[Chris Combs] recently took the wraps off of an incredible art piece that he calls Road Ahead which uses 336 seven segment LED digits to create an absolutely gorgeous display. With a piece of smoked acrylic to slightly diffuse the orange glow of the LEDs, the end result has a distinctively retro look that we’d gladly spend all day staring at.
For those looking to dig a bit deeper, [Chris] has put together some very impressive documentation over on Hackaday.io that goes into plenty of detail on how he designed and built this beauty. From the design of the PCBs that carry all of the 0.3″ SMD displays to the custom software running on the Raspberry Pi 3 that powers it, there’s no technical stone left unturned.
According to the build log, this is the second version of the display. The first one was housed in a rather attractive wooden enclosure, but as [Chris] explains, that was precisely the problem. He wanted something that looked cold and unfeeling as the nearly 340 digits flashed away with potentially ominous intent. So he ditched the wooden case for a powder coated steel one that looks more like the front panel of a mainframe than something you’d pick up at the craft store.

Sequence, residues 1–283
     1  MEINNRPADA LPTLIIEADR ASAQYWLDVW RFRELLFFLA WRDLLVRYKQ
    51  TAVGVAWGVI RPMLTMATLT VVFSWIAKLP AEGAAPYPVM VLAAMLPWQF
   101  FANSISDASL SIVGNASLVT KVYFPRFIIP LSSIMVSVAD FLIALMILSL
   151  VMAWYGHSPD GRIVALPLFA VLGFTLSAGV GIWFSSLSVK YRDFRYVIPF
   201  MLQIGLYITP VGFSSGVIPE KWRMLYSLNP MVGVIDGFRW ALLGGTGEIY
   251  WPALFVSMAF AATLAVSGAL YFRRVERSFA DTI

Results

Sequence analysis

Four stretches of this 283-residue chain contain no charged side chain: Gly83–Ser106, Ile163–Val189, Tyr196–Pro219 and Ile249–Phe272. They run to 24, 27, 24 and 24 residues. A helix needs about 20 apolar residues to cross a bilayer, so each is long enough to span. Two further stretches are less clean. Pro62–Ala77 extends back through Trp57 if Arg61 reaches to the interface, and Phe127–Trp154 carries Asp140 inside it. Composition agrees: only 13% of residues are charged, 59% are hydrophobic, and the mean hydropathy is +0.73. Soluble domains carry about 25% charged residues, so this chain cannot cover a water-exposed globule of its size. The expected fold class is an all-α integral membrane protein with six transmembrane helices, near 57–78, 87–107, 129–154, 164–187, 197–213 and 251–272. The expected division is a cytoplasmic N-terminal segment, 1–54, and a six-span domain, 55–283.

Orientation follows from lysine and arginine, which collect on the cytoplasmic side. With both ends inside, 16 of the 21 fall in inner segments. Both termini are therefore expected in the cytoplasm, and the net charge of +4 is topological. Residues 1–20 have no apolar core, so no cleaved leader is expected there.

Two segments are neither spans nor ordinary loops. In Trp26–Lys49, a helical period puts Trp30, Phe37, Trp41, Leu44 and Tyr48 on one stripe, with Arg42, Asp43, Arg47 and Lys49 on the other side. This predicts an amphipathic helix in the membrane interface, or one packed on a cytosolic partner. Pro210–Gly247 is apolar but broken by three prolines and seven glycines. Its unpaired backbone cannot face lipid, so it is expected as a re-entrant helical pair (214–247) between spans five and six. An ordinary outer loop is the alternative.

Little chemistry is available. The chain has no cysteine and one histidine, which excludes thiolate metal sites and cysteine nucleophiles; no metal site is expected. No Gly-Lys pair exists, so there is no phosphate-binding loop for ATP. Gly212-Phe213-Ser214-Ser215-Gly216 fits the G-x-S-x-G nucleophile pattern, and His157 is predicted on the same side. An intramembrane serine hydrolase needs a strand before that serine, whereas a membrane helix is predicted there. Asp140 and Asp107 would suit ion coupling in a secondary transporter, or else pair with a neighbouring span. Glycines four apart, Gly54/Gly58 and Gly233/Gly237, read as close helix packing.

Another interesting point explained in the write-up is how the Python software is designed to treat the hardware as a contiguous graphical display rather than just an array of independent digits. Grayscale images can be reproduced on the by using PWM to adjust the brightness of each segment’s corresponding “pixel”; though admittedly it takes a bit of imagination to see the intended image with a resolution this low.
This project reminds us of the incredible LED hexdump display we saw not that long ago, down to the PWM trickery for squeezing “graphics” out of these exceptionally non-graphical elements. With any luck, perhaps these are the opening shots in an arms race to see who can build the largest array of multi-segment LED displays.